Welcome! The AAVSO invites any and all interested in advancing science and astronomy through the observation and study of variable stars. This particular database is devoted to the submission, collection, and retrieval of the different colors of light emitted by variable stars in the form of spectra.
Given that these stars vary in brightness over time, the variation in different colors of its light changes over time as well. We can measure this variation by observing a spectrum, which is produced by separating the light into its component colors. Done carefully and correctly, spectroscopy is one of the best methods by which we can understand our universe and the plethora of stars within it.
Finding observations of variable star spectra is easy with AVSpec. One can use the search page to access the entire database, with searches based on not only star names and aliases, but also by on-sky positions, observation times, resolution, and even observer name. Every observation has a record page where all the details of the observation can be reviewed, and the spectrum can be manipulated live.
The observations can be downloaded as FITS files, which contain a key-indexed header with useful information regarding the observation parameters. In addition, AVSpec automatically appends to the header information from the Variable Star Index (VSX) with all of the relevant information about the star, as well as information about the observing equipment and location for heliocentric corrections.
It is relatively easy to acquire the ability to conduct spectroscopy. A piece of material known as a grating can be inserted in place of a filter, and an existing imaging camera can then be used to record the now split colors of light. Or you may choose to invest in standalone spectrographs, for which there are many options available. Several software packages exist to reduce the data. For more detailed information on the techniques of spectroscopy, please visit our observing manual in the documentation section below.
If you are already able to perform spectroscopic measurements, then the next step is to get started with your first submission to AVSpec. Once you have registered your equipment and observing site on your Observer Profile, the steps are simple:
1. Observe the spectrum of a non-variable star from our list
2. Reduce the observation into a 1-dimensional spectrum
3. Submit the observation to AVSpec in the form of a FITS file
4. The test observation will be automatically checked for consistency within moments
5. A member of our validation team will perform a final quality check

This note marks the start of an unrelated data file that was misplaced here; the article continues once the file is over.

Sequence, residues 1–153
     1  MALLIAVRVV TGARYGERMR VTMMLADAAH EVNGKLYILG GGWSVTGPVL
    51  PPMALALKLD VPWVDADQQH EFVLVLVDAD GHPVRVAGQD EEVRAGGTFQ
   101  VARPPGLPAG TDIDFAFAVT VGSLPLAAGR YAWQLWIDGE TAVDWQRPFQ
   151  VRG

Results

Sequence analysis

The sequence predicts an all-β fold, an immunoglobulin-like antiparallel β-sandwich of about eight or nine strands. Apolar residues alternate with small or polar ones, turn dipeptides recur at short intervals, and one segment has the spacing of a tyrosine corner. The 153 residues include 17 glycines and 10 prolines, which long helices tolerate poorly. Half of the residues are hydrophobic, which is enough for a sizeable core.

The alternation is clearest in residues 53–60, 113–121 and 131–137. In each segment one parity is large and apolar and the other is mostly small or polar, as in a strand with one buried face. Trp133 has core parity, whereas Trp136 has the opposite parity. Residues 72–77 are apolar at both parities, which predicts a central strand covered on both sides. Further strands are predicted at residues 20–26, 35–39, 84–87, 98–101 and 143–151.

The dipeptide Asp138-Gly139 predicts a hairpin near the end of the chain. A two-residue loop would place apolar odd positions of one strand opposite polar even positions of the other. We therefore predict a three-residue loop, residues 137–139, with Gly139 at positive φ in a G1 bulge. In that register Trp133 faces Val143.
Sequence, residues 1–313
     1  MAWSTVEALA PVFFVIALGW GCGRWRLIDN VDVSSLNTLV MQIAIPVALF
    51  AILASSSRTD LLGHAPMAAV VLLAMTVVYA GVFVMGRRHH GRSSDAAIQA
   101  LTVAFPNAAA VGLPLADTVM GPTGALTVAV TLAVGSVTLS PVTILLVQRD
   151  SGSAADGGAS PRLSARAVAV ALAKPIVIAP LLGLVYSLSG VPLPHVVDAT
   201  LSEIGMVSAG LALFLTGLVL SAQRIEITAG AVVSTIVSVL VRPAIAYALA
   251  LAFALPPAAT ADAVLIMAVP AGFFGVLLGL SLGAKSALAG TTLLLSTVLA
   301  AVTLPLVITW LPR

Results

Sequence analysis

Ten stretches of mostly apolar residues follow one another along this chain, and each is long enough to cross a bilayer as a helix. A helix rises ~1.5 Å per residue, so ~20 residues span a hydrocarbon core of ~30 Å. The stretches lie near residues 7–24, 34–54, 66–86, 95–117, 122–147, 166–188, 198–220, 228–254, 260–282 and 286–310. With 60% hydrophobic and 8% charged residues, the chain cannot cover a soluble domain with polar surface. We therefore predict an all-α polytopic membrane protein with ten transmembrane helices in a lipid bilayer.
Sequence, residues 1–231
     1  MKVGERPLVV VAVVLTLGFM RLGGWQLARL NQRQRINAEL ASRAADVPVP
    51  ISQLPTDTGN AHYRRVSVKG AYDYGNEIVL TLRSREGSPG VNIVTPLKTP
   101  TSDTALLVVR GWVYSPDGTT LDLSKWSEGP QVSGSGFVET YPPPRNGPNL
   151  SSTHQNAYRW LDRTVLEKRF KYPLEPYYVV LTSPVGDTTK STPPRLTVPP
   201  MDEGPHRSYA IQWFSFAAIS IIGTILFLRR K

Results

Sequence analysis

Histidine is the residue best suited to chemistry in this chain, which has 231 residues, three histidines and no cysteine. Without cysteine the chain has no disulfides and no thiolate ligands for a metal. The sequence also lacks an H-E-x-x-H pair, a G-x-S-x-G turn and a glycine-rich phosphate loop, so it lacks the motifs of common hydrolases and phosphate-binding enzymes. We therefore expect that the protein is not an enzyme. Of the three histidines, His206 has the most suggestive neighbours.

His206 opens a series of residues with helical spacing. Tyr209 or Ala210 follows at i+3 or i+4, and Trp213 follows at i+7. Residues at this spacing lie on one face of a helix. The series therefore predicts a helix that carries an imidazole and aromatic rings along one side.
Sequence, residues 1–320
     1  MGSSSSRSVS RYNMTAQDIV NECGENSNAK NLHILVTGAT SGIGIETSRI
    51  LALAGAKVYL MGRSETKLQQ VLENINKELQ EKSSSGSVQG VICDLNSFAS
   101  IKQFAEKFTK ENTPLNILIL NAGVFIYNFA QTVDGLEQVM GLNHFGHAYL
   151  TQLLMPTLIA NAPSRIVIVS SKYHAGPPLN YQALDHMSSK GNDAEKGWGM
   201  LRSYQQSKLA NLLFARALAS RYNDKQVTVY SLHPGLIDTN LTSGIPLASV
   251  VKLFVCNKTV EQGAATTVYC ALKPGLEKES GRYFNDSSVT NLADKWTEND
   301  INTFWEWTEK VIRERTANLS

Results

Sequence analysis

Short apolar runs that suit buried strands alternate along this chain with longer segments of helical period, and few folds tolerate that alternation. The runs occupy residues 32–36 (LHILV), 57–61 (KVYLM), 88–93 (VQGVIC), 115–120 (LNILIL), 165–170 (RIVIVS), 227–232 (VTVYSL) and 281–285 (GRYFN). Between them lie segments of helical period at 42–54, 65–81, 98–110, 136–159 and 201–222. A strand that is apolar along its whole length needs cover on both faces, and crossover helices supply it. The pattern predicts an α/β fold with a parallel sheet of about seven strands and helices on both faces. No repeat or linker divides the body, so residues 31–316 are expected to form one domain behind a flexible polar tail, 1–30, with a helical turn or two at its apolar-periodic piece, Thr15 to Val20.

6. If all is good, then submit observations of spectra of variable stars of your choosing!
Currently, variable star observations will be published following a secondary validation round. This precautionary measure is to ensure good data quality and is planned to be removed at some point in the future so that observations can be immediately published. For more information, please consult our quick guide in the documentation section below.
1. I can't find my equipment listed on the submit page.
There are multiple types of equipment packages that you can submit. AVSpec will only list those which have the Observing Type "Spec". Please make sure your package has this label.
2. I want to submit Star X, but it's not in the list. What do I do?
If you are seeing a list of stars, that means it is your first submission. This submission must be a standard star (see below). Once this spectrum has been validated, you will be able to submit data any star as long as it is in VSX.
2. I tried to submit a spectrum, but it says I was unsuccessful. How do I determine what's wrong?
When the submission fails a log file is created. At the bottom of this file it will tell you what issue it found. If this doesn't provide enough information or you need more assistance, please email email@example.com and include the log file.
AVSpec requires all observers to submit an observation of a non-variable "standard" star. The reason for this is to catch any issues arising from improper technique and/or reduction. Our team of expert validators has access to extremely high-resolution spectra of these standard stars and will use it to compare one-to-one with the observations submitted by first-time users.
Please find a page containing the names positions of the standard stars here.
If you wish to know more about spectroscopy, observation files, or the technical details of the database:
Quick guide: Get started submitting spectra
Spectroscopy field guide: In-depth guide to spectroscopic observations
Technical manual: Header requirements, processing structure, code documentation
Still have questions?
Please send an email to firstname.lastname@example.org and we will reply to you as soon as we can.